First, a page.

“No nose.”

“Nose! Now!”

“Scratch! Chores!”


It finally occurred to Molly that this wasn’t another of Scratch’s half-assed ploys to get out of work; this was either real, or at least it was a fully-assed ploy which she ought to pay attention to, lest it spiral out of control, as his ploys often did, regardless of assedness. With a sigh, she got up, grabbed Scratch’s nose and mushed it back where it ought to be.

“Hat-CHEEEEOOOOO!” The force of the sneeze sent Scratch through the rear wall, over the backyard, ending in the overgrown garden of the abandoned house behind them. “eh-CHOOOO!” Spinning in circles, he flew from that yard to the next. “haaaaa-TSCHOOOOO!!” Poking her head out the window, Molly say Scratch fly off in a low arc towards the main street, resembling a small, lumpy comet, dripping globs of ectoplasm instead of ice chunks.

Five minutes and seven more sneezes later, Scratch was back in the laundry room. “There. See? I have a real excuse now. An honest-to-pete medical exemption.”

“Aaaall right.” A bundle of clothes under her arm, Molly headed towards the bedroom. “And you did do a good job on the carpet here.”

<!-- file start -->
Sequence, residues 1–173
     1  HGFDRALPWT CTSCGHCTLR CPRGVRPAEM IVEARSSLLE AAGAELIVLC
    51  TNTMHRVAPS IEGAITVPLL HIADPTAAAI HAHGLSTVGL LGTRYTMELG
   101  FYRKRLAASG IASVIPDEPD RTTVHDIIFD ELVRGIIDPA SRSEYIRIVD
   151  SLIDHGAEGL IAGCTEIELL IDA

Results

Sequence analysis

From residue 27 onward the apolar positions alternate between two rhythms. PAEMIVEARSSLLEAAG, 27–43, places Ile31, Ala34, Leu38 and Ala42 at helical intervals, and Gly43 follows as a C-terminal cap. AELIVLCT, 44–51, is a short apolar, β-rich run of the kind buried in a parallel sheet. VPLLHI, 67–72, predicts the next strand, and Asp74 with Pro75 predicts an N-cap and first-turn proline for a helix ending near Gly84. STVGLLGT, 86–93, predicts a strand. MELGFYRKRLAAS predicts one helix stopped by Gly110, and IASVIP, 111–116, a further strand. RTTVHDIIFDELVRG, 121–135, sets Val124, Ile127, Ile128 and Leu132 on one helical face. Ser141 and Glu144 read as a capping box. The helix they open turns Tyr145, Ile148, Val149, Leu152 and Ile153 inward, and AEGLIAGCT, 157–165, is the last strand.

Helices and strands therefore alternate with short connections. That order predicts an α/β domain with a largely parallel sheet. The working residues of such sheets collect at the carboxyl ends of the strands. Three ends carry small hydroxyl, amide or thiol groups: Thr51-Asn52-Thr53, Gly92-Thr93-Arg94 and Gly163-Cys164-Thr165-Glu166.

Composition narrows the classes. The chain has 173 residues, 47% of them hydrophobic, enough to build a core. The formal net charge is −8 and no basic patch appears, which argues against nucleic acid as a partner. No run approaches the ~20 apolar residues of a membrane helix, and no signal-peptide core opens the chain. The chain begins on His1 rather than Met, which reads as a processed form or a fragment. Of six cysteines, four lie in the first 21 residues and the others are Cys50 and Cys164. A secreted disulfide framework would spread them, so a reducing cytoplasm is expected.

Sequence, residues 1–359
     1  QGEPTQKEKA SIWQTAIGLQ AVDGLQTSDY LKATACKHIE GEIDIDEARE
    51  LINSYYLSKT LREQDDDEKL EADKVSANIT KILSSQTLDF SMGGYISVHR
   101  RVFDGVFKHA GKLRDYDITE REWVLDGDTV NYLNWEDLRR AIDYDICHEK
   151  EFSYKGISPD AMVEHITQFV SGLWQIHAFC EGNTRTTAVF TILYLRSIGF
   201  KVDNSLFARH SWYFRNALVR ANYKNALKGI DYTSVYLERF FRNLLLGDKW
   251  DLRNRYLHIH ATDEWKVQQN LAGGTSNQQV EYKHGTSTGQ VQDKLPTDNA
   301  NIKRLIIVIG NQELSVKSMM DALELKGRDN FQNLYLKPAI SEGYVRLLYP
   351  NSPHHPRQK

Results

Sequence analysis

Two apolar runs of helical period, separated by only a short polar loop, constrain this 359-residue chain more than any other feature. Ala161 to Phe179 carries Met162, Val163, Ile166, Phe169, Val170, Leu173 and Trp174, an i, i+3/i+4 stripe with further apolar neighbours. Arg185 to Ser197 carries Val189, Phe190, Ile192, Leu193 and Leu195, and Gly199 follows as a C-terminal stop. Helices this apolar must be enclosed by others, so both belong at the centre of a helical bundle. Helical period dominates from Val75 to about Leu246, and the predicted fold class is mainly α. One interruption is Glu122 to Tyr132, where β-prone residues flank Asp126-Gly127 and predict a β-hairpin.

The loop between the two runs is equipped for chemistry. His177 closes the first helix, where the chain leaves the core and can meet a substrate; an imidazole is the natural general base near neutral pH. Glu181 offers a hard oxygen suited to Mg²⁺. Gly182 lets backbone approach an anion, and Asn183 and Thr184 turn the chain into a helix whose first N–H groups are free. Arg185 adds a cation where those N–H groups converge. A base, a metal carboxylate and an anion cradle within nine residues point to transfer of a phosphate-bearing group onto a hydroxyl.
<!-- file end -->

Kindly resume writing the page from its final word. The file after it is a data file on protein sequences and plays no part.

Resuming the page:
“No I didn’t!” Scratch replied automatically, insulted by the idea that he had done actual, useful work. “Uhhhhh… wait… yeah! I did do a good job. Really. Can we order pizza now?”

“Ask dad.”

“Kay.” Scratch was about to phase through the wall, when he paused. “Ah crap. I’m going to… eh… sneeze again.”

Molly grinned, eyeing the ghost’s protruding nose. “Ah!” he shouted! “Not again!”



If you enjoyed this story, or even if you didn’t, you too can get your very own custom-written story if you make a donation to keep the forum running!


Edited by webmeistro
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What the heck, I LOVE the fact that it's a What If style retelling. I could not have imagined that in a million years but I love it.  Even if this part:

56 minutes ago, webmeistro said:

Sharon squinted at the translucent brown phantom. “Why is Morgan Freeman here?”

“Oh, him?” Scratch crunched another macaroni elbow. “He’s actually been dead since 2016, it’s just that no one’s had the heart to tell him. Just ignore him, he’ll go away.”

Led me to the very scientific discovery that the human body is not designed to breathe tacos. :laugh:

There are so many bits with the wording that made me stop and go "Hah!" or "Damn I wish I'd thought of that one" that only pointing out one seems unfair, but I'm gonna, or I'll be here all day.

1 hour ago, webmeistro said:

as his ploys often did, regardless of assedness.

I love the humour, the fourth wall breaks, the over-the-top-ness of poor Scratch's dilemma...all of the ingredients are just right.  Considering my  most important criteria were "something lighthearted and fun" and "Scratch tries to do something, but sneezing" you freaking nailed it.